The Cardinals were active at the trade deadline, trading outfielder Colby Rasmus and bringing in, among others, pitcher Edwin Jackson and shortstop Rafael Furcal. But they have been buried in the NL Central by the Brewers, whose earlier move — bringing in Francisco Rodriguez on July 12 to set up closer John Axford — has worked beautifully.

"I don't have any regrets because at the time of the trading deadline, we were right in the thick of things," Cardinals GM John Mozeliak told the St. Louis Post-Dispatch

"We identified areas of need, and this was from the front office down to the coaching staff. We aggressively pursued some things. Some of the things have helped but, unfortunately, we've had deficiencies in other areas and (the help) hasn't been enough to counterbalance it."

The reality is that with the Brewers' surge, the Cardinals didn't stand much of a chance. Nor did the Pirates, who in the rare position of being in the hunt (4 ½ games out of first in the NL Central on July 31), picked up the $6.775 million owed Ryan Ludwick to acquire him from San Diego (for a player to be named), and gave up a Class A first baseman to get veteran Derrek Lee from the Orioles.

It was a nice thought, but Pittsburgh has since collapsed, and both Ludwick and Lee are on the disabled list, having made little noise.

In the heated AL East, the Yankees largely stood pat at the deadline, while the Red Sox swung a prospects deal to land Seattle's Erik Bedard, who is 0-2 with a 4.09 ERA in five starts. The Red Sox were two games ahead of the Yankees at the trade deadline, and heading into Saturday's play were still clinging to a one-game lead.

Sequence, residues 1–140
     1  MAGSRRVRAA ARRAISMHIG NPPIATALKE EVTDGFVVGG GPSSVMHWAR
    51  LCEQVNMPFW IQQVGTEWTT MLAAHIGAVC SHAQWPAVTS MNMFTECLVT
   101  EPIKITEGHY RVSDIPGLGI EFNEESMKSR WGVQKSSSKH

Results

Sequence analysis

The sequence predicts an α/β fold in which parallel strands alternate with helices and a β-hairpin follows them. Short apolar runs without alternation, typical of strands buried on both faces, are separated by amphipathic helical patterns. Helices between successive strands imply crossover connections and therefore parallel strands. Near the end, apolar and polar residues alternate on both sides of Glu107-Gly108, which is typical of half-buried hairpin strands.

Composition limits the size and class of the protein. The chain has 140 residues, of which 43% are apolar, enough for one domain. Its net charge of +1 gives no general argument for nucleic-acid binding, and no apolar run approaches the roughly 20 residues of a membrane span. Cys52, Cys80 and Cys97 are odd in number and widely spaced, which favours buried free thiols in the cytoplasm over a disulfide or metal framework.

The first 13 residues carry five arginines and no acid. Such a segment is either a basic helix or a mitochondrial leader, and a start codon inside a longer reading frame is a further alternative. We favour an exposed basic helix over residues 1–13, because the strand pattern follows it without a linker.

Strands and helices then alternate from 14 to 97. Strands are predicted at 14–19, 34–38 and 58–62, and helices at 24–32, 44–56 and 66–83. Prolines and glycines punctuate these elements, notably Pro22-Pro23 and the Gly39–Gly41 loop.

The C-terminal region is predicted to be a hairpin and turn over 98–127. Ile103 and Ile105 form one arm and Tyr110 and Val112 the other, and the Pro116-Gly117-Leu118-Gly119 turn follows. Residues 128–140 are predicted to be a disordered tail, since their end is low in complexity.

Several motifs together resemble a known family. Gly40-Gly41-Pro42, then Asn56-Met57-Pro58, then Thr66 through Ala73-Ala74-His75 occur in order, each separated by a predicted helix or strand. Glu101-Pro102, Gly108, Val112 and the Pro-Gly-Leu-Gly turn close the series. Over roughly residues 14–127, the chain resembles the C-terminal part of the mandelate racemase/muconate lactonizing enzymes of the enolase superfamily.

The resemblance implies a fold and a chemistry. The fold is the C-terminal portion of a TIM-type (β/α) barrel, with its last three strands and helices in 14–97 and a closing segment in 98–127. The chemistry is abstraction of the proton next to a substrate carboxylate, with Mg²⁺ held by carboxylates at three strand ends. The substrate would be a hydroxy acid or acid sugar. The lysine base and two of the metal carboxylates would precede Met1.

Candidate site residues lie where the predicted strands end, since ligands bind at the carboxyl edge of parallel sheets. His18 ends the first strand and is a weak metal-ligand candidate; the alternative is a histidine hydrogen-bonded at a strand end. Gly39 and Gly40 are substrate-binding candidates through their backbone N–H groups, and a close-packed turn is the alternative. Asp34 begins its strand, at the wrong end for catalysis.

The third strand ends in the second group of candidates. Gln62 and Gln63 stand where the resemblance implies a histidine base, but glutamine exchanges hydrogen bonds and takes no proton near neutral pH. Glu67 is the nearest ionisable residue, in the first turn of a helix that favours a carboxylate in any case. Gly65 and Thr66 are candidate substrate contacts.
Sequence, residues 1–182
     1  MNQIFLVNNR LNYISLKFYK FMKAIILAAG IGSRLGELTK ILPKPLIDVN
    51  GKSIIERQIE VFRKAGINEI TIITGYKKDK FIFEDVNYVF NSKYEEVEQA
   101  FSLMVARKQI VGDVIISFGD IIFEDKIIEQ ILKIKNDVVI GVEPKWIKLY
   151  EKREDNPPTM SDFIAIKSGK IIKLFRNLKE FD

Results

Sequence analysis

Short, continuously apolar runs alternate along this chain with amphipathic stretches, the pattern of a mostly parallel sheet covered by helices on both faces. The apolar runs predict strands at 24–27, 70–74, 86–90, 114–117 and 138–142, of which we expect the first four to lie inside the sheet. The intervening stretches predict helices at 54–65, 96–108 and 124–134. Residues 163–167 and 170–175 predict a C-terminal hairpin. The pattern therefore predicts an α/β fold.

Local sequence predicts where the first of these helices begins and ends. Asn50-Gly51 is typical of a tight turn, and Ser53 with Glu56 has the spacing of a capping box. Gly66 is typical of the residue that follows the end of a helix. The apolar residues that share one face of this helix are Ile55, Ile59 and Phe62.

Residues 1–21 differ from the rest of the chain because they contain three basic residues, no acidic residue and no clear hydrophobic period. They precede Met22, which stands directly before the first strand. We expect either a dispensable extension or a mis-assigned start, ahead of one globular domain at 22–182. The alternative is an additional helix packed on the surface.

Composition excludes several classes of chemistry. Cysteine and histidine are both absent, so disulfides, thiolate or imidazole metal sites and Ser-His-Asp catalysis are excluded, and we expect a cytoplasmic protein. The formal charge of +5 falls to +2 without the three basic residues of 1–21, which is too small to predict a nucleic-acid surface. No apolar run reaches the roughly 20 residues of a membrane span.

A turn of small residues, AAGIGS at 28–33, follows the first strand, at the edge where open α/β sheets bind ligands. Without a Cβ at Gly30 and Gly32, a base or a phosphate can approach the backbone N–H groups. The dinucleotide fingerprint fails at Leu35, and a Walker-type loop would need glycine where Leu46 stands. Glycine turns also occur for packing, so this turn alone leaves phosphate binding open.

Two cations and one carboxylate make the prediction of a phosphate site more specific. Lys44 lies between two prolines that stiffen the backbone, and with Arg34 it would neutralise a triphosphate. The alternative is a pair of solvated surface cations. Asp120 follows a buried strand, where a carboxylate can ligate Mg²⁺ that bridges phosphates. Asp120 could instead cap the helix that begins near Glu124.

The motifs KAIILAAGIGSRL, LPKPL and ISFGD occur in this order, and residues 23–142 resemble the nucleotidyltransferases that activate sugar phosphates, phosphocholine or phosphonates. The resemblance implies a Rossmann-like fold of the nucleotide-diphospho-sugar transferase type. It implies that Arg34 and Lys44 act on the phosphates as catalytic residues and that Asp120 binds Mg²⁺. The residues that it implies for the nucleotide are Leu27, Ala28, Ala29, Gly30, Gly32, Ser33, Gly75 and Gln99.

Atlanta is another team that went the low-key route and has thrived. The Braves decided not to give up top pitching prospects to get Beltran or Houston's Hunter Pence, settling instead on Astros outfielder Michael Bourn for a lesser package.

"We could have had Beltran if we'd have given them the player they wanted," GM Frank Wren told reporters. "We're not going to do that for a rental."

The Braves believe Bourn has given them needed speed and helped their defense, and they have him under team control for one more year. Since July 31, the Braves have gone 16-8 and stretched their wild-card lead from 3 ½ to 8 ½ games.

The Phillies are an example of a great team that made itself even better at the deadline. Pence, who cost Philadelphia four minor-league prospects, is hitting .330 through 24 games, with five homers, 15 RBI and a .944 on-base-plus-slugging percentage. He's a godsend to a lineup that had been struggling to score.

So far, so good, which is the operative term for trade-deadline deals. The evaluation won't truly be complete until the acquired prospects emerge as gems or busts, which can take years.

Larry Stone: 206-464-3146 or lstone@seattletimes.com

About Larry Stone

Larry Stone gives an inside look at the national baseball scene every Sunday. Look for his weekly power rankings during the season.
lstone@seattletimes.com